By Kim Smiley
The FDA recently proposed a new limit for the amount of arsenic allowed in apple juice. The proposed limit would match what has already been established for bottled water. This marks the first time that the FDA has established an arsenic limit for food or drinks other than water.
This issue can be analyzed by building a Cause Map, or visual root cause analysis. A Cause Map lays out the causes that contribute to an issue in an intuitive, visual format so that the cause-and-effect relationships are obvious. The first step of the process is to fill in an Outline with the basic background information for an issue. The Outline also documents the impacts that the issue is having on the organizational goals so that the full effect of the issue can be clearly understood. In this example, the concern that consumers may be exposed to arsenic, a known carcinogen, is an impact to the safety goal. The media hype surrounding this issue is also important to consider because consumer concern could impact sales.
After the Outline is complete, the next step is to ask “why” questions and use the answers to build the Cause Map. So why is there arsenic in apple juice? Arsenic is a naturally occurring substance that is found in the environment. There are also places that have been contaminated by arsenic, primarily the result of arsenic-based pesticides. Use of arsenic-based pesticides in the US ended by 1970, but parts of the world still use them.
To understand this issue, it’s also important to understand the public relationships portion of the puzzle. The concern over arsenic in apple juice exploded after the issue was featured on the “The Dr. Oz Show” in 2011. Outcry after the segment was well covered by major media outlets and the issue has repeatedly made headlines over the past two years. Consumer Reports has also issued a report about samples of apple juice that test above the limit for drinking water. None of this can possibly be good for the apple juice business.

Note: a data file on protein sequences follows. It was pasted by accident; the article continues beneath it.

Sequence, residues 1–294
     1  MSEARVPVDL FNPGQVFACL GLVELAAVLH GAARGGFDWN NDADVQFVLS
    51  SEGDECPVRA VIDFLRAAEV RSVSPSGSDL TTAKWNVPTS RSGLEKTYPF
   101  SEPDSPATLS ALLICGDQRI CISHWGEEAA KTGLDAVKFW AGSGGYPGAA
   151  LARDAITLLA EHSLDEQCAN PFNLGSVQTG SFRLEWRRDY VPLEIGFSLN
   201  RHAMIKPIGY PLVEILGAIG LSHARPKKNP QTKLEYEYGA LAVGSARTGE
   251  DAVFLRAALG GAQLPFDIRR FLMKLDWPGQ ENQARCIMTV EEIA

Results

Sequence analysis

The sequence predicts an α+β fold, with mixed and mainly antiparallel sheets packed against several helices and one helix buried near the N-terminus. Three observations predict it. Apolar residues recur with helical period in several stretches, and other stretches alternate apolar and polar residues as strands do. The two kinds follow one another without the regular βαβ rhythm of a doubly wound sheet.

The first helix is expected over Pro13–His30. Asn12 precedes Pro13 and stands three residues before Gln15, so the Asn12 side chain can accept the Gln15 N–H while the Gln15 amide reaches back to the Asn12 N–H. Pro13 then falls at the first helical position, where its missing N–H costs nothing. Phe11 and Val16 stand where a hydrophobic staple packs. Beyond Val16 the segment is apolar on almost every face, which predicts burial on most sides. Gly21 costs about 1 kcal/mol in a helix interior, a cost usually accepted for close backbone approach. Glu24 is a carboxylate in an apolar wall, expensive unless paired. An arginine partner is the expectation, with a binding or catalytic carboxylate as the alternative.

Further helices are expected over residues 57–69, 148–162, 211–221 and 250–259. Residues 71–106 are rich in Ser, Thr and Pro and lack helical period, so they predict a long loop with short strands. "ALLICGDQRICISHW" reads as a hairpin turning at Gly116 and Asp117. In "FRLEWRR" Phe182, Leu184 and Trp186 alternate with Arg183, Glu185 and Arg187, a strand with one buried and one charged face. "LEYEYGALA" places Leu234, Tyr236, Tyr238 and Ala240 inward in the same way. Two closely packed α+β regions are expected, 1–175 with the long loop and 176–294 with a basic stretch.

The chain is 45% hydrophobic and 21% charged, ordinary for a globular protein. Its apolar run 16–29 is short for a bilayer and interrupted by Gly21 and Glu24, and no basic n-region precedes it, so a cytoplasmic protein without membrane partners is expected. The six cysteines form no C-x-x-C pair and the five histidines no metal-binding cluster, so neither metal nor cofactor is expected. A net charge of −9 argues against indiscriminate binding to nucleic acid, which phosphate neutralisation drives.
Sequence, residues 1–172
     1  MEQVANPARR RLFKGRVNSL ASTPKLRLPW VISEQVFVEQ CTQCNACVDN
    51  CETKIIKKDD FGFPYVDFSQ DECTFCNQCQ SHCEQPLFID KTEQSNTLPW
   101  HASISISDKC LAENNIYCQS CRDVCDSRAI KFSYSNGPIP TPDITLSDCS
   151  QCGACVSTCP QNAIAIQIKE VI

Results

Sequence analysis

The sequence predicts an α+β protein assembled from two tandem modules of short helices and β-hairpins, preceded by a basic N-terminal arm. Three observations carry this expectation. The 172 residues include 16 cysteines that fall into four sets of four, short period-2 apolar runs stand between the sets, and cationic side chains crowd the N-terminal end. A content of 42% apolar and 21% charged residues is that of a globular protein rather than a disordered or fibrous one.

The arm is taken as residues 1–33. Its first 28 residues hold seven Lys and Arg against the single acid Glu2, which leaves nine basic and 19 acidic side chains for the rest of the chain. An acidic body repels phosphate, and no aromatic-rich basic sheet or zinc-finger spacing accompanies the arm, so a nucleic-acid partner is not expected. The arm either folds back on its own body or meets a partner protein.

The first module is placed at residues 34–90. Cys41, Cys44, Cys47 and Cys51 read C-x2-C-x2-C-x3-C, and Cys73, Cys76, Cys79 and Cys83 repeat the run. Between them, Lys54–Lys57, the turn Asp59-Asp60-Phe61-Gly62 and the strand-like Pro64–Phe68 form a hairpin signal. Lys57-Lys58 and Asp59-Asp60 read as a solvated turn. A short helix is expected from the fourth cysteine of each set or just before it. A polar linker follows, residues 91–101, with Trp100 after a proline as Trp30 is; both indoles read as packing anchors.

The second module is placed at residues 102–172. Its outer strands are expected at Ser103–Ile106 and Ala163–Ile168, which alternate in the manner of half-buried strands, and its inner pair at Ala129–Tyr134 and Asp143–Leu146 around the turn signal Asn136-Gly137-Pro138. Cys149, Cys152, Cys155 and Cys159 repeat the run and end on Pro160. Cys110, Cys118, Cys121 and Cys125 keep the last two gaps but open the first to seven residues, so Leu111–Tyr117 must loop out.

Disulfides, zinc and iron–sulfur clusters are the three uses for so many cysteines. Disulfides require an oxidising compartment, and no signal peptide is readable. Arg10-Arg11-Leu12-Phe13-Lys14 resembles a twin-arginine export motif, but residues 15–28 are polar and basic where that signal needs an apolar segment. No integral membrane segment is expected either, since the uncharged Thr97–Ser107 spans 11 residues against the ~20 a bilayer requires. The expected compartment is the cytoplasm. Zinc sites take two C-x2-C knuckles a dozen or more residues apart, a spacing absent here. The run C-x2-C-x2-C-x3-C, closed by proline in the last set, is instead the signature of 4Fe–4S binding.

The final step of the Cause Mapping process is to use the Cause Map to develop solutions. A limit for arsenic in apple juice should go a long way to easing concerns if it is established. The proposal is to set the limit for arsenic in apple juice to match that for drinking water, which should be conservative since consistent consumption of more apple juice than water seems unlikely. Producers of apple juice that is found to contain arsenic above the limit could face legal action and the juice could be removed from the market. How much the new limit will actually impact the products on the shelf is unclear because different sources have reported widely different sample results, but at least action could be taken if any juice is found to have arsenic levels above the limit.